A girl exercises along with her teacher through a screen
Photo by Gareth Copley/Gareth Copley

Homeschooling With An IEP? Now You're A Parent, Teacher & Therapist All At Once

School is in session for parents across the world, and for those trying to carry out homeschooling for children with individualized education or learning programs (IEPs), it's a particularly challenging time.

Melissa Gräf, a mother of two in Massachusetts, says the interruption in her 7-year-old’s intensive autism program at his local public school has been insurmountable.

"I feel like we’ve been hung out to dry,” she says. “He is a kid whose entire education is based on physical everything, from who educates him to where his educating is done. So having him virtually learn from me, someone who he doesn’t associate with work or education, at home, which is not where he usually works or learns, isn’t something that is doable.”

Gräf says she tries to facilitate her children’s education as much as she can, but as an essential worker in construction, she is not able to be home all day, another source of stress. “Our income took a hit when my husband was laid off on March 19, so we are thankful [for my job],” she says. “But going to work when I feel like I should be home with the kids is tough. I hate the thought of possibly picking something up at work and bringing it home to my family.”

Tracy Helmer, a stay-at-home mom in Ohio, says that it's not her ability to be home that has made 8-year-old E's distance learning successful, but the exhaustive efforts of her daughter's educators. "They have busted their butts working round the clock to help us continue the learning and routine at home, and it has been a godsend. ... They have been checking in nonstop, letting us know they are here for anything."

But even the school's best efforts fall short of her daughter's IEP. "They modify everything for her and professionally have the knowledge to teach her and get things done in a way that we just can not reproduce." Another challenge has been that E's speech, occupational, and physical therapies all came to a halt when schools closed, marking the first time she has been without these therapies since she was 18 months old.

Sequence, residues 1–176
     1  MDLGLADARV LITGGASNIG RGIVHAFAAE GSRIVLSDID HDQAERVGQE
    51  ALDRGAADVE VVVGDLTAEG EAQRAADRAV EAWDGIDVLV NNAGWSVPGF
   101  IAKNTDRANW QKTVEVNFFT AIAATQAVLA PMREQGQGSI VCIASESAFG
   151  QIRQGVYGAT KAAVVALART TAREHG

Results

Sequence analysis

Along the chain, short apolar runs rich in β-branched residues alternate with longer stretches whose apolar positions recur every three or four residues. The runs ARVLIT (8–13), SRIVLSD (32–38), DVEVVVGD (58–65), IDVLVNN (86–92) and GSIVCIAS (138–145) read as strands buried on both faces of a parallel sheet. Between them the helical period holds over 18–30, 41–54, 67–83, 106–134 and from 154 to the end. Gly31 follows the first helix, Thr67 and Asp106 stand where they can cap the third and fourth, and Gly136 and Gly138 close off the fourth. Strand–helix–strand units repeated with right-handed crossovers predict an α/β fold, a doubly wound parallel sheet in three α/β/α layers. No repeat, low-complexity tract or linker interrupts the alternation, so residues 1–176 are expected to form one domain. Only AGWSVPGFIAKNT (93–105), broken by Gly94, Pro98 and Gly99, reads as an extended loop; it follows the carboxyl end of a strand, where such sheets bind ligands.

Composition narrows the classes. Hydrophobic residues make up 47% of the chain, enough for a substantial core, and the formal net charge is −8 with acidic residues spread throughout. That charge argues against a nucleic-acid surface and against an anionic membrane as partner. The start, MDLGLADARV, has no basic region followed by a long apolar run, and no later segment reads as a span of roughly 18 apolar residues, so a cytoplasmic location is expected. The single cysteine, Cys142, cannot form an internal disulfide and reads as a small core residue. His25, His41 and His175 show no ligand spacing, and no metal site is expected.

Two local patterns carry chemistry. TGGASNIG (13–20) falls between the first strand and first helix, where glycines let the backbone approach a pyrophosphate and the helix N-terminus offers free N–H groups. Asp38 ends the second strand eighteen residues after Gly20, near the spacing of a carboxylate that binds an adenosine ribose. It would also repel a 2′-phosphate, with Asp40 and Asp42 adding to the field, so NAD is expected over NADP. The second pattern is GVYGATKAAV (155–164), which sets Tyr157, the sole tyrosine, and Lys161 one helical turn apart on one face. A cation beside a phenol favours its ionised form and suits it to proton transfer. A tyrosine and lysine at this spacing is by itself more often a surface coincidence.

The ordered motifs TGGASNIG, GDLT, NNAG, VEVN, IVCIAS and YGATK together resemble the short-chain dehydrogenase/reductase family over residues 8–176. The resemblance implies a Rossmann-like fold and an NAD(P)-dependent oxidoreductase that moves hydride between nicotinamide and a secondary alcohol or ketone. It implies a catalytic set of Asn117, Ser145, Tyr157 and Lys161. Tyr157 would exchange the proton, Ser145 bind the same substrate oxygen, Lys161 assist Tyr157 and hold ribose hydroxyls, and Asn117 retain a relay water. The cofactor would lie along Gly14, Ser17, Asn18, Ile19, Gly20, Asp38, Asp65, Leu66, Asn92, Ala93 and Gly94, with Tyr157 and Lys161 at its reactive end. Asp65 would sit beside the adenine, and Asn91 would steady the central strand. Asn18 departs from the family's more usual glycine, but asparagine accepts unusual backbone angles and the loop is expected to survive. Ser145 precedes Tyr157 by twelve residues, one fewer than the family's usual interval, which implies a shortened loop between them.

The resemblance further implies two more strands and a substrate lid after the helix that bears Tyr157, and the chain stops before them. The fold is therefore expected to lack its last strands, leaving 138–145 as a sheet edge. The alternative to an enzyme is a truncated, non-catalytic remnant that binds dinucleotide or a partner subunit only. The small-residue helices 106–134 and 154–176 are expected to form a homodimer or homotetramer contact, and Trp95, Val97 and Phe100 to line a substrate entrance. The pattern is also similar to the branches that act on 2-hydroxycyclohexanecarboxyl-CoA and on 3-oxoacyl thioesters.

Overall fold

The lack of routine has been hard on E. "She still asks to go to school and cries terribly and just doesn’t understand," Helmer says. "I’m trying hard to take this day by day and not worry about the future impact of this."

Without that contact, there's not much that could be done to replicate the service at home with a parent.

For the uninitiated, an IEP is a legal document, drawn up by parents and school districts, to outline the accommodations and services a child with a disability is entitled to in order to facilitate learning at a public school, and the emphasis is very much on the "individualized" aspect of this plan. No two IEPs are exactly alike. Some children, for example, may require the aid of a paraprofessional for certain activities, or to have lessons individualized with additional instruction. Others may need daily interventions and therapies that take them from their classroom during regular instruction time. Even a focus break, like a walk outside, may be written into an IEP in some cases. The point is to provide children what they need so they can best engage in the curriculum. Many of these services are hands-on and site specific which, naturally, make distance learning more challenging.

Long-term consequences are on Chrissy Schoen's mind — both of her two children have IEPs and recreating the outlined accommodations at home has been "virtually impossible."

"The services they received from school have effectively stopped," she says. "I'm sad to think that much of that has been undone by this or that the progress made will be negated ... the mods they normally get are related to how they interact in a classroom, so it's pretty irrelevant at home." She says that the staff have to be very hands-on, and the work relies on the relationship between staff and student, based on daily interaction. "Without that contact, there's not much that could be done to replicate the service at home with a parent."

The United States Department of Education's Office for Civil Rights has noted that school closures may interfere with service entitlements for students (without violating the Individuals with Disabilities Education Act). There is some flexibility around figuring out whether a service or accommodation must be provided during school closures as well as how students must be accommodated, the department says. (The Department of Education has not responded to request for comment.)

That flexibility has looked different depending on where you are.

Kristen W., who directs a special education program in Connecticut, says that creating a program that would enable individualized learning took "around the clock" effort to coordinate. "It was harder at first, because I felt like we were architecting a plan that we felt like we could deliver, plus individualize, plus meet the needs of the staff, plus families, plus people who were sick."

But now, she says, expectations for everyone are clearer, and the teachers who work under her are in communication with parents and students to facilitate learning in ways that speak to their individual needs.

"Everyone is working with the kid's best interests at heart," she says. "That's something that seems to be getting lost in this. There's a lot of people going above and beyond, parents too. There's a lot of people doing the best they can."

"But nothing is the same anymore," she adds.